Conservative treatments are the first line of treatment for patients with anterior hip and groin pain resulting from labral tears or FAI. Interventions include activity modification, education, manual therapy (joint mobilization/ manipulation, soft tissue mobilization, and dry needling), self hip mobilizations, and exercise (stretching, strengthening, balance, and motor control) interventions.

Experts suggest a 8-12 week course of conservative care may improve decision making for possible surgical referral(3).

Ayeri et al. demonstrated a negative response to an injection predicts a negative outcome following surgery more than a positive response for a positive outcome after surgery(8). 

hip manual physical therapy, hip pain, sports injury

Physical Therapy Evidence for Treating Hip Pain and Injuries

Evidence for the conservative treatment of FAI lesions is currently at a case series level of research for both conservative and surgical treatments. To date no randomized controlled trials or long term data exist on surgical outcomes.

Kemp et al. documented poor outcomes for patients undergoing FAI surgery with greater chondral damage and those over age 40(9).

Hunt et al. found a multimodal treatment approach consisting of manual therapy, exercise, and education reduced lower quar- ter impairments and improved function at both short and long term outcomes(7).

In our experience at Mend, athletes and patients with a diagnosis of labral tears or FAI are able to return to sport following a treatment plan involving manual therapy, exercise, biome- chanics evaluation and modifications (ie gait analysis), and education. 

hip pain and injury strengthening exercises

When to seek Physical Therapy for Hip Pain and Injury

Athletes and patients with anterior hip and groin pain, loss of hip range of motion, and disability should be referred to Physical Therapy for conservative management.

Pain mainly in the groin (sensitivity .96-1.0) and a subjective report of hip/groin pain with clicking, locking, and giving way (sensitivity 1.0, specificity .85) may assist in the diagnosis of an acetabular labral tear(10,11). 


1. Ganz R, Parvizi J, Beck M, et al. Femoroacetabular impingement: a cause for osteoarthritis of the hip. Clin Orthop Relat Res 2003(417):112–20.

2. Collins JA, Ward JP, Youm T. Is prophylactic surgery for femoroacetabular impingement indicated? A systematic review. Am J Sports Med 2014;42:3009–15.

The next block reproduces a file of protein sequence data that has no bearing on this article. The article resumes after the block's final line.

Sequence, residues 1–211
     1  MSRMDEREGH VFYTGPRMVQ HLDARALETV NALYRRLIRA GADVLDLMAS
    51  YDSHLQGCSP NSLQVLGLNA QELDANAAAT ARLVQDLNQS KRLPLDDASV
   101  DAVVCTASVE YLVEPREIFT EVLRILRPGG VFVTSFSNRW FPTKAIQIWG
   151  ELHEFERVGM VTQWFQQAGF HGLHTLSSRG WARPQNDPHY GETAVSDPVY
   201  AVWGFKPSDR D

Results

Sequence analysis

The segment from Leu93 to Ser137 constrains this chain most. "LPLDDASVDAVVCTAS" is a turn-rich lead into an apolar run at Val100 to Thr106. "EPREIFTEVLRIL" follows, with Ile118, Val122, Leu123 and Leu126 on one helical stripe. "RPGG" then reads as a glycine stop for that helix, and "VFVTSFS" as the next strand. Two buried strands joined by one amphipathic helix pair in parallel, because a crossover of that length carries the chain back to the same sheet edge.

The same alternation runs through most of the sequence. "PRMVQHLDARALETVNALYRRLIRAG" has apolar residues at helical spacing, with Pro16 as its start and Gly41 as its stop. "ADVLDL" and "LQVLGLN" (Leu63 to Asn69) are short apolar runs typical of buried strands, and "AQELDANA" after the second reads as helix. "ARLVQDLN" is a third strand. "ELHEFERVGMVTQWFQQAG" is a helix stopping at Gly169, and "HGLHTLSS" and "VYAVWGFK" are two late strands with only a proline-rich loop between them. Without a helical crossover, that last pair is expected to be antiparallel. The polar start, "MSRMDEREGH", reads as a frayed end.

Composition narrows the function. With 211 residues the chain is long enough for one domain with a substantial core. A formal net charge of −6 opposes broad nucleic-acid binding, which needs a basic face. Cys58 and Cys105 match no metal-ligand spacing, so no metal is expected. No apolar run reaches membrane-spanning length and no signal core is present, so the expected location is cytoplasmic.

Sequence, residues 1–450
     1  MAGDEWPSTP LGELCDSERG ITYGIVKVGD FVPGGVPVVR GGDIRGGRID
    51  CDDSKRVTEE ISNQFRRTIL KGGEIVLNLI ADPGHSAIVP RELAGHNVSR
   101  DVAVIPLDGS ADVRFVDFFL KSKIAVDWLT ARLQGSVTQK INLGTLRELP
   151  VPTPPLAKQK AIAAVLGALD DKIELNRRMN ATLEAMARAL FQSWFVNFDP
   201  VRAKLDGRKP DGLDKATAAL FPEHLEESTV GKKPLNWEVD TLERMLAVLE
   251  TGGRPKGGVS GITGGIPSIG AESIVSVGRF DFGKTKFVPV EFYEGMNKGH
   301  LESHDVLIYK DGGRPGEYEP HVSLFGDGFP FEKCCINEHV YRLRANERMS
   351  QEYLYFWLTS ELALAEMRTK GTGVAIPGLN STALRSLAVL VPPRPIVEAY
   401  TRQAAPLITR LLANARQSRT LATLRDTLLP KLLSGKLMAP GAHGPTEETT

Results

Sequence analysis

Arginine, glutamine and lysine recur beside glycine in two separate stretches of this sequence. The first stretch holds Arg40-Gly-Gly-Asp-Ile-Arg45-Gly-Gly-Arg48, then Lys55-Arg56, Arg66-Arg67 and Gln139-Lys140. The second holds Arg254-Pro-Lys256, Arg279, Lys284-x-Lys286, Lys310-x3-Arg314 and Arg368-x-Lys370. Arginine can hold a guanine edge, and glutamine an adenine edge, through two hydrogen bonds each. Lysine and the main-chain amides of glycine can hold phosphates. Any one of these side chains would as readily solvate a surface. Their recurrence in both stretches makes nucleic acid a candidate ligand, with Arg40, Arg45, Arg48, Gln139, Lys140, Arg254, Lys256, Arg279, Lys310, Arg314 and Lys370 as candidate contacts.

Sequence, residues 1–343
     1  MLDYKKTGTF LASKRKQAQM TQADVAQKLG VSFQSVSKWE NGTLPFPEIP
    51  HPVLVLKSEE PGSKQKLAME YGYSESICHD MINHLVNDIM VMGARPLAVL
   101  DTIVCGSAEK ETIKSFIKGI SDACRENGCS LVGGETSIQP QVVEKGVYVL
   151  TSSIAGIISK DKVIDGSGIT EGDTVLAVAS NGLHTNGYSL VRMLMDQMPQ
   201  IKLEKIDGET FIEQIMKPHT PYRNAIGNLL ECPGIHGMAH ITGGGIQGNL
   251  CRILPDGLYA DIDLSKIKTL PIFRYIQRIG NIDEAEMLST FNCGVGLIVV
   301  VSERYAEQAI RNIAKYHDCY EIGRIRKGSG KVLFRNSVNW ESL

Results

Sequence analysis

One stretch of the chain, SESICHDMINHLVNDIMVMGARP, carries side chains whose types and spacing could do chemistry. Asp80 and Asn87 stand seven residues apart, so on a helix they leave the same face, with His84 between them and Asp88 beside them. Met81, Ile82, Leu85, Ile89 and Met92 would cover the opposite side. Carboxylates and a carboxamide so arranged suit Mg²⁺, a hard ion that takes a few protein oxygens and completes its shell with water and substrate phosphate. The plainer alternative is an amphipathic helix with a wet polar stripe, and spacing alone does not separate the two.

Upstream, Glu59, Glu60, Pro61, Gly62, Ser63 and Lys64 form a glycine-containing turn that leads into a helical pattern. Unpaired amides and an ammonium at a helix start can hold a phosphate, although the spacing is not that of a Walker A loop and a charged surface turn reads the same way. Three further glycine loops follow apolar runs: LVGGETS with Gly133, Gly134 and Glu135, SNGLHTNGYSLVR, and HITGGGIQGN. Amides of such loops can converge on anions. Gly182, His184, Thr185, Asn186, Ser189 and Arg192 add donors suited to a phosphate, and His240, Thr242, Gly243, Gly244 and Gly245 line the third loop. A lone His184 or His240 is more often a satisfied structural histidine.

3. Reiman, M. Femoracetabular Impingement Surgery: Are we moving too fast and too far beyond the evidence? Br J Sp Med. 2015. 0:1-6.

4. Montgomery SR, Ngo SS, Hobson T, et al. Trends and demographics in hip arthroscopy in the United States. Arthroscopy 2013;29:661–5.

5. Frank, J. et al. Prevalence of FAI imaging findings in asymptomatic volunteers. A systematic review. Arthroscopy. 2015:1-6.

6. Nardo, L. et al. FAI: Prevalent and Often Asymptomatic in Older Men: The Osteoporotic in Men Study. Clin Orthop Relat Res. 2015

7. Hunt D, Prather H, Harris Hayes M, et al. Clinical outcomes analysis of conservative and surgical treatment of patients with clinical indications of prearthritic, intra-articular hip disorders. Pm R 2012;4:479–87.

8. Ayeni OR, Farrokhyar F, Crouch S, et al. Pre-operative intra-articular hip injection as a predictor of short-term outcome following arthroscopic management of femoroacetabular impingement. Knee Surg Sports Traumatol Arthrosc 2014;22:801–5.

9. Kemp JL, Collins NJ, Makdissi M, et al. Hip arthroscopy for intra-articular pathology: a systematic review of outcomes with and without femoral osteoplasty. Br J Sports Med 2012;46:632–43.

10. Keeney JA, Peelle MW, Jackson J, et al. Magnetic resonance arthrography versusarthroscopy in the evaluation of articular hip pathology. Clin Orthop Relat Res 58 2004;429:163–9.

11. Burnett RS, Della Rocca GJ, Prather H, et al. Clinical presentation of patients with tears of the acetabular labrum. J Bone Joint Surg Am 2006;88:1448–57.